Learning from the land: a case study of Worawa Aboriginal College

Dr Lois Peeler AM

“Until Aboriginal narrative, understandings, knowledge and spirituality are more than curios or benevolent additions to Eurocentric compilations then there will be no real value in them to non-Aboriginal participants beyond salve for colonial cringe and the satisfaction of justice appearing to be done,” Dr Lois Peeler.

Worawa Aboriginal College was founded in 1983 by Aboriginal visionary Hyllus Maris who said “Aboriginality comes out of the culture. It comes out of being the people who belong here. It comes out of pride in an ancient history and values that sustained a People for countless thousands of years and that are still relevant today…”.

Aboriginal philosophy conceives a holistic view of the world of everything connected to everything else and a need to respect all features of the environment. For Aboriginal people, relationship with the land is special, deeply felt and essential to who we are and how we have become who we are. This approach is incorporated into the Worawa curriculum and Aboriginal spiritual beliefs in relationship to land, and responsibility for caring for country, is expressed in care of the land on which the College is situated.

At Worawa, we are careful to present Aboriginal ways of knowing, content and context in a manner that is in keeping with its intrinsic value and complexity. This is particularly critical because Worawa is an Aboriginal school for Aboriginal students existing within a dominant culture. The nurturing and building of Aboriginal identity and pride is critical in this context.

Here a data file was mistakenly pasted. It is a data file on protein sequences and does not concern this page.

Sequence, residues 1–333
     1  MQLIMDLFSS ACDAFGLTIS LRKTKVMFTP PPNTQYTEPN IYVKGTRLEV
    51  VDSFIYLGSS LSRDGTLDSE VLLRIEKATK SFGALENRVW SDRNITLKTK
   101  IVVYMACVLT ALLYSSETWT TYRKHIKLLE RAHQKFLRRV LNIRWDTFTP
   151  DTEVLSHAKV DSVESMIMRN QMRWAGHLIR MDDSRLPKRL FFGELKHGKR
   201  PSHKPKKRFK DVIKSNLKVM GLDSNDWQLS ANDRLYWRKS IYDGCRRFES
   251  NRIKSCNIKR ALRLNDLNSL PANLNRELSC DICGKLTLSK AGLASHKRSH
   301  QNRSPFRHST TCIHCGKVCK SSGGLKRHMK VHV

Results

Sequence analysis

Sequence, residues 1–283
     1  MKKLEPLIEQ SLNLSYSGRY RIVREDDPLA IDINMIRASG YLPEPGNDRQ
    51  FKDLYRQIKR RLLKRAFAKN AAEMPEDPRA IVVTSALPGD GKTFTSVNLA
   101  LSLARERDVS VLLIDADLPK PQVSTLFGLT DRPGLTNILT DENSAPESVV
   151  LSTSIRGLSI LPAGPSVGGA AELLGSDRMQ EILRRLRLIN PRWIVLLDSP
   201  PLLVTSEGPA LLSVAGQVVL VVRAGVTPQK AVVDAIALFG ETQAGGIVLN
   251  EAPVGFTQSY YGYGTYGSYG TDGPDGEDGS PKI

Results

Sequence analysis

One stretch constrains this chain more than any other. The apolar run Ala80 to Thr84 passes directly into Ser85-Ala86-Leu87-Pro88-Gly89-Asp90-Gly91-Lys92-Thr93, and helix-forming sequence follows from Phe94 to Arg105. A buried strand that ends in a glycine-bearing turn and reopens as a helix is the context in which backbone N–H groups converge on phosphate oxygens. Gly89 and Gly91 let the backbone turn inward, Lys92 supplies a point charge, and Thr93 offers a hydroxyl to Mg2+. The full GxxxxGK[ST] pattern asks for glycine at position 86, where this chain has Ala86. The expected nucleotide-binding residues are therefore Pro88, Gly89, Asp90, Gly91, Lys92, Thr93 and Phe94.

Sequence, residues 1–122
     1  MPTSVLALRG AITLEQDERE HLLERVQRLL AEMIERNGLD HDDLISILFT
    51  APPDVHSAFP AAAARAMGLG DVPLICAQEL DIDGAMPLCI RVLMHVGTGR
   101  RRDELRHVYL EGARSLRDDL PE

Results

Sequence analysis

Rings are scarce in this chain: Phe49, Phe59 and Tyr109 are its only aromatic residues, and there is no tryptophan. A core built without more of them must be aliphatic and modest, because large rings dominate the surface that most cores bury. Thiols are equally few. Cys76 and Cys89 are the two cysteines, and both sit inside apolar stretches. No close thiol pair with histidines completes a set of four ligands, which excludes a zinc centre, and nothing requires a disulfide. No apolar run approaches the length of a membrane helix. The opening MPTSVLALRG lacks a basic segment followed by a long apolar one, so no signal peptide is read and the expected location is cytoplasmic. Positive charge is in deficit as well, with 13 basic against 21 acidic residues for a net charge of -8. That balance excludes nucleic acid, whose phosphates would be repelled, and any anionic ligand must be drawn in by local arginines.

We do not attempt to make the curriculum Aboriginal but rather, we embed Aboriginal ways of Knowing, Doing and Being into our existence. It is not a simple task, but our charter, to thoroughly uphold Aboriginal pride, pre-existence and custodianship, while we educate students to thrive in mainstream schooling and society, is a given in our community and a first consideration of our planning and operating.

Along with the core academic program, emphasis is placed on nurturing and celebrating Aboriginal culture as a crucial aspect of student self-esteem and wellbeing.

This event was part of NAIDOC Week 2021.


Dr Lois Peeler AM, Executive Director/Principal, Worawa Aboriginal College

Dr Peeler is Executive Director/Principal of Australia’s only Aboriginal girls’ boarding school, Worawa Aboriginal College, and has held senior positions in the community and public sectors.